The study showed otherwise it found that pregnant drinkers were most likely to be older (between 35 and 44), well-educated, and employed. Researchers analyzed data from 340,000 women who answered questions about their drinking habits during pregnancy between 2006 and 2010. It's fair to assume that those women who reported drinking answered the questions truthfully, while there may actually be a larger percentage of women who did drink while expecting a baby and didn't feel comfortable being so open about it. The study authors concluded that "pregnant and non-pregnant women of childbearing age who misuse alcohol might benefit from public health interventions ... such as increased alcohol excise taxes and limiting alcohol outlet density."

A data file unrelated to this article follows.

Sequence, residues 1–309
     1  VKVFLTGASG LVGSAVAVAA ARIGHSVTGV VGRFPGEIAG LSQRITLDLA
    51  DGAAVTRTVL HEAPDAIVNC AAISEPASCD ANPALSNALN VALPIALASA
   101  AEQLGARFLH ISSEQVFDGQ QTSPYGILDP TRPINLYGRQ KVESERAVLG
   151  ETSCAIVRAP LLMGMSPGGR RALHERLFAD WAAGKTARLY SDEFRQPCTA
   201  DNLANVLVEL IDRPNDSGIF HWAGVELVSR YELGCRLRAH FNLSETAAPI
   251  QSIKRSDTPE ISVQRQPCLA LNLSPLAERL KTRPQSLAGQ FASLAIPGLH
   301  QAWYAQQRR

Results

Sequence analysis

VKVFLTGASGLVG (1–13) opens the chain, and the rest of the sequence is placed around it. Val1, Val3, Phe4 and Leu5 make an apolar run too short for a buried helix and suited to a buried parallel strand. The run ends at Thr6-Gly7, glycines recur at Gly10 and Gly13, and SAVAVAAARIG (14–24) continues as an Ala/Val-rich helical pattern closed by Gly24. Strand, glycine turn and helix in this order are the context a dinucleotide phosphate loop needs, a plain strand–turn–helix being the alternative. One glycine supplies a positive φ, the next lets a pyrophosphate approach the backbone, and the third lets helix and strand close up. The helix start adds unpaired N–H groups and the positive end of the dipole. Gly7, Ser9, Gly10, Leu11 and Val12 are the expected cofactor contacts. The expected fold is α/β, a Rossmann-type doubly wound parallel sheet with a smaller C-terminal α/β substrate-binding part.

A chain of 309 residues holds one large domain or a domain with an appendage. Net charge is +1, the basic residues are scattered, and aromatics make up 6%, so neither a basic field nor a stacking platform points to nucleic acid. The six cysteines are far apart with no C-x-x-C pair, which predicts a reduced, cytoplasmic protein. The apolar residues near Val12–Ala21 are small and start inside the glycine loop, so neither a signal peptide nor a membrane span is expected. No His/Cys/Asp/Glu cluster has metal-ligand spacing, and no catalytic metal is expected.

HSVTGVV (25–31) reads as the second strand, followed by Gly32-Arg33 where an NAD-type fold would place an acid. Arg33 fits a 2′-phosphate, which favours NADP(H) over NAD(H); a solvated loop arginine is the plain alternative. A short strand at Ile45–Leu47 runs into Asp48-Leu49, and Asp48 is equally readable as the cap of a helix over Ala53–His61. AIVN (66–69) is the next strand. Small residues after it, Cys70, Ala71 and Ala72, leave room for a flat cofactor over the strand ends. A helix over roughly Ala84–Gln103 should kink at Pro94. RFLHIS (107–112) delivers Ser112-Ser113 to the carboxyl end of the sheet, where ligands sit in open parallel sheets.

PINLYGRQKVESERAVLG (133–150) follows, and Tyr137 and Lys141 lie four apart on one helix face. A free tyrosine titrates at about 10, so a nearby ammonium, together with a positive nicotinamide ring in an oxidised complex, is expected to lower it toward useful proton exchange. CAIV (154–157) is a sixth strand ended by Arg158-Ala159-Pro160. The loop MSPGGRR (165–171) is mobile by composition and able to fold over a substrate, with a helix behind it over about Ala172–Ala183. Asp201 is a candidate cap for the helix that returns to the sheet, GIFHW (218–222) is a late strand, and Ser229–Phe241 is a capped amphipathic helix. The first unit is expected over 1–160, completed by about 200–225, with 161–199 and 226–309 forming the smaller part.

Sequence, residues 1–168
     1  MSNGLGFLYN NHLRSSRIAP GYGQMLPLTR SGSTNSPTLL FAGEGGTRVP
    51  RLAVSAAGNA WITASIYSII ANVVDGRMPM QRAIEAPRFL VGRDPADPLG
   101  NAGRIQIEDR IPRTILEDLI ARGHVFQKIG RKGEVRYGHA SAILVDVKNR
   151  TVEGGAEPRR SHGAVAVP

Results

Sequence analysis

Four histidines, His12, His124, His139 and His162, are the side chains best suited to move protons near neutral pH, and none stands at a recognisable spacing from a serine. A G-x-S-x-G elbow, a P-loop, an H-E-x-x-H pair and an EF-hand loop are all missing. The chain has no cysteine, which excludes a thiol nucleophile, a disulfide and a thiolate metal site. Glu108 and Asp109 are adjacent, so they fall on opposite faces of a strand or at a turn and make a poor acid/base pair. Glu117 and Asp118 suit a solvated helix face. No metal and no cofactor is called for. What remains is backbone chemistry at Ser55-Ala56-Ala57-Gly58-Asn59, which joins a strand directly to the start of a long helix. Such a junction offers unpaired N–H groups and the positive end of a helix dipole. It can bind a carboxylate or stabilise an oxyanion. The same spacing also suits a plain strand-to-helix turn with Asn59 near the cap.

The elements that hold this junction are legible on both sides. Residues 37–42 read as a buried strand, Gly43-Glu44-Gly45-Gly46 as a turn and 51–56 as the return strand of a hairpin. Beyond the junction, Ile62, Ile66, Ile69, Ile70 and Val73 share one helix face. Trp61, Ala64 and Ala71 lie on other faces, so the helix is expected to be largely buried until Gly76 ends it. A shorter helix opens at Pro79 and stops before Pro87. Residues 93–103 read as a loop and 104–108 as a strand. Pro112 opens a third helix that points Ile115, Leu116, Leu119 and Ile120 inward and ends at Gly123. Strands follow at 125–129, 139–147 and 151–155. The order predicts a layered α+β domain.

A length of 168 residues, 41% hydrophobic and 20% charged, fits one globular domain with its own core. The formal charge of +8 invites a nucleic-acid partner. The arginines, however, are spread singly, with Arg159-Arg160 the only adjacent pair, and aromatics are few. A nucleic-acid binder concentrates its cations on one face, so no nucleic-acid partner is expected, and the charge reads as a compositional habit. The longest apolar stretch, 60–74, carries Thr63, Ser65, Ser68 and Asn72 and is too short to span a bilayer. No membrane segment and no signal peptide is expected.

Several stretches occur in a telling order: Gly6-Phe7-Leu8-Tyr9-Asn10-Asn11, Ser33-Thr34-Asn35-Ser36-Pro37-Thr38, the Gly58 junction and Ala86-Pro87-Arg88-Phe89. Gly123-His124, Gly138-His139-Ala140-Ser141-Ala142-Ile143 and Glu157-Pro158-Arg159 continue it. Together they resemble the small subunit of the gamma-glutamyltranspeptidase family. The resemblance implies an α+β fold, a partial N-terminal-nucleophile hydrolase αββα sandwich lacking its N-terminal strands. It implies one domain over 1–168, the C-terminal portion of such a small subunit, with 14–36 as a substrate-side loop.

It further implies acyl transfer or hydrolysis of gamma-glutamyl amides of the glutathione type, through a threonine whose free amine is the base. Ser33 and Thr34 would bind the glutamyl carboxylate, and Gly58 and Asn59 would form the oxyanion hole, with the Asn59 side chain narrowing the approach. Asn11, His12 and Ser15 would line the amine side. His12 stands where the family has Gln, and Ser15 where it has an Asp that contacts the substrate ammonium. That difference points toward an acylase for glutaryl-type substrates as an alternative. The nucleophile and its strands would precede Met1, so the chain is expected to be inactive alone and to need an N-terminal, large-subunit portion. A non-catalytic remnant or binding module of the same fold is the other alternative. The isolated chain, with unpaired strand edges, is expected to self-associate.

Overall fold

In other words, the study authors don't want to rely on education to stop people from drinking, and want to limit their alcohol use in other ways instead. If you are trying to get pregnant, remember that there is no safe amount of alcohol during pregnancy and that the first few weeks of a baby's development are crucial. That means refraining from alcohol while you are trying for a baby is very important. Some people even argue that any woman of childbearing age who is sexually active should not drink in the last two weeks of her menstrual cycle, just in case she conceived. The message that alcohol and pregnancy don't combine, and that even small amounts of alcohol are risky, is everywhere. Let's hope more women will heed it in the future.